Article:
Participation in Sports and Physical Education in American Secondary Schools

Article excerpt

What Was the Question?

Johnson, Delva, and O'Malley (2007) conducted a study that aimed to determine the levels of physical education and school-based sports participation of American secondary students and to examine the influence of grade level, race/ethnicity, and socioeconomic status on these participation levels.

What Was Done?

Data were collected between 2003 and 2005 from more than 500 schools nationwide. School administrators completed questionnaires as part of the Youth, Education, and Society study on physical activity, physical education participation and requirements, and sports participation in their school. Over 54,000 students in those same schools completed questionnaires as part of the Monitoring the Future study, regarding their gender, racial self-identification, and their parents' educational level, which was used as a proxy of socioeconomic status (SES). The data, which were analyzed in 2006, were collected from students in grades eight, 10, and 12.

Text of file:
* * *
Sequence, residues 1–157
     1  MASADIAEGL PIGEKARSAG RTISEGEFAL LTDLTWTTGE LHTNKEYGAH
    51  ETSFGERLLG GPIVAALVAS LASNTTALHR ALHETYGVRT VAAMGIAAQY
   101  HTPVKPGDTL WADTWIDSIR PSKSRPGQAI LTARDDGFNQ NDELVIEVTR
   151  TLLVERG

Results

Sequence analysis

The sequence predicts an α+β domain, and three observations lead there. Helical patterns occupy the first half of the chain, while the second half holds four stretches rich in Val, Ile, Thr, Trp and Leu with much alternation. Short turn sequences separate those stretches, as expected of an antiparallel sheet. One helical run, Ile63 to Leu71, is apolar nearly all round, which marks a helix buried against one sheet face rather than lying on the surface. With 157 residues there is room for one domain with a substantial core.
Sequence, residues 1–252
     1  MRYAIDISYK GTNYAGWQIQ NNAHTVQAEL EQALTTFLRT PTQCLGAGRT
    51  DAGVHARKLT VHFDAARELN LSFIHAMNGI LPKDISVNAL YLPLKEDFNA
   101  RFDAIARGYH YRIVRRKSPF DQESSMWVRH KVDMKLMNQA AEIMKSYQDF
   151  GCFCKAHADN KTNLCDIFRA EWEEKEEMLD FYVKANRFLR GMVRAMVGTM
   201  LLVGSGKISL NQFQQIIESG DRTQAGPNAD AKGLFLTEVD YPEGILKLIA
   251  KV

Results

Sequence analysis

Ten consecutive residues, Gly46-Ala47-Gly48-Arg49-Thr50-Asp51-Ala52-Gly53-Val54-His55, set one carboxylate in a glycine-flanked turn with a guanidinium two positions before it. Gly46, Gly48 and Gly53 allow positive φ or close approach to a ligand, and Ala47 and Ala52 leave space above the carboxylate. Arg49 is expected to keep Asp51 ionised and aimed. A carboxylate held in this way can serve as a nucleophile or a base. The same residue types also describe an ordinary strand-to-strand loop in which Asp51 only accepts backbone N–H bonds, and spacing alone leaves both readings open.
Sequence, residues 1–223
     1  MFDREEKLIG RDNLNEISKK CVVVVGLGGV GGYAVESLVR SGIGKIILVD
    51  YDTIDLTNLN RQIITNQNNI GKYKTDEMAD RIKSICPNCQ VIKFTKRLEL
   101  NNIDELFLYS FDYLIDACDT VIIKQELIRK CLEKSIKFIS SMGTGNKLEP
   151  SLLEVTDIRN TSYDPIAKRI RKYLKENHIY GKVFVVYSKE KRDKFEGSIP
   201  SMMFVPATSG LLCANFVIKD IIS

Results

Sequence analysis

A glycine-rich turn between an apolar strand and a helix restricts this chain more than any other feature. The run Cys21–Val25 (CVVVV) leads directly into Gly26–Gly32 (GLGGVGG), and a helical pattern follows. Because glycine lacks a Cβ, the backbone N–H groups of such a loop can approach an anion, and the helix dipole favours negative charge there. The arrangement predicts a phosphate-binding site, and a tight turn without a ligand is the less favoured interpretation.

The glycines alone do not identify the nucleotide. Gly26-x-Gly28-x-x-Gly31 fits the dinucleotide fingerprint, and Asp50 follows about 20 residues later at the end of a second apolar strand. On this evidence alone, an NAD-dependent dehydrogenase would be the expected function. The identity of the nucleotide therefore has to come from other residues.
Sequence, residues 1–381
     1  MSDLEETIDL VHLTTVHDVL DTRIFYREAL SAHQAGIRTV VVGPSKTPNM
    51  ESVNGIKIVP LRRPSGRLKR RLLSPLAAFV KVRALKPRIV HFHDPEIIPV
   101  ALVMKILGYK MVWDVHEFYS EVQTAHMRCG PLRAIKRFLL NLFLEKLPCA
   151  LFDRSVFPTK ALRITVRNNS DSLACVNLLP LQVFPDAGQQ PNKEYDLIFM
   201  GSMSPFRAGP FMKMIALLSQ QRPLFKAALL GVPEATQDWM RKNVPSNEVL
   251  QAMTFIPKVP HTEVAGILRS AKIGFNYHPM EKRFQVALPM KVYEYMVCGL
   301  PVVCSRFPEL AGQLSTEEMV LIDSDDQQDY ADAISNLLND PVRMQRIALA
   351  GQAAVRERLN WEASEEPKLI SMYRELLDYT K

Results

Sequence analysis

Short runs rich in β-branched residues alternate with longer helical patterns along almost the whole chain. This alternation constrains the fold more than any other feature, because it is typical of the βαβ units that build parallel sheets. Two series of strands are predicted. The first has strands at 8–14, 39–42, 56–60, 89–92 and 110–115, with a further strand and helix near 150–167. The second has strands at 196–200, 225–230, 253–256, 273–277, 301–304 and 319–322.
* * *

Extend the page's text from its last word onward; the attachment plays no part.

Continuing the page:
What Was Found?

Almost all (91%) eighth graders take physical education, compared to only one-third (34%) of high school seniors. Lower SES was associated with lower rates of physical education participation. Varsity sport participation remained consistent across grade levels, with impressively similar participation levels among girls (33.7%) and boys (37.4%). Lower-SES students who are most at risk for overweight and obesity attend schools with the lowest rates of varsity sports participation. Intramural activity also declined between eighth and 12th grade, from 24 percent to 16 percent for boys, and from 21 percent to 13 percent for girls. As with varsity sports, SES and participation in intramural sports had a positive linear relationship. The proportion of students who walk or ride a bicycle to school is low at best (20% in eighth grade), and it decreases significantly with each grade level (7% by 12th grade). One positive finding, however, was the higher percentage of Hispanic and African American students who walk or bike to school. While not surprising, it is clear that getting to and from school is no longer a source of consistent physical activity for a majority of secondary students. …